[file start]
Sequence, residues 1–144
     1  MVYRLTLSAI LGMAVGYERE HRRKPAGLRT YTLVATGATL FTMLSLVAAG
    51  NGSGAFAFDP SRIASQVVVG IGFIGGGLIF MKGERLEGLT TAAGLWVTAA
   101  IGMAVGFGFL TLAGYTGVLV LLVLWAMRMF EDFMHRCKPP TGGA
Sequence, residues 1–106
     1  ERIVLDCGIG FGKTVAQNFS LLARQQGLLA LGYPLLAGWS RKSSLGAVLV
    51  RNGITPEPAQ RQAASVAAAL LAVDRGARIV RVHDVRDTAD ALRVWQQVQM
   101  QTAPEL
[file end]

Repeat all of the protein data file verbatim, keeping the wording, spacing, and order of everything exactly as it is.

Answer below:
Sequence, residues 1–144
     1  MVYRLTLSAI LGMAVGYERE HRRKPAGLRT YTLVATGATL FTMLSLVAAG
    51  NGSGAFAFDP SRIASQVVVG IGFIGGGLIF MKGERLEGLT TAAGLWVTAA
   101  IGMAVGFGFL TLAGYTGVLV LLVLWAMRMF EDFMHRCKPP TGGA
Sequence, residues 1–106
     1  ERIVLDCGIG FGKTVAQNFS LLARQQGLLA LGYPLLAGWS RKSSLGAVLV
    51  RNGITPEPAQ RQAASVAAAL LAVDRGARIV RVHDVRDTAD ALRVWQQVQM
   101  QTAPEL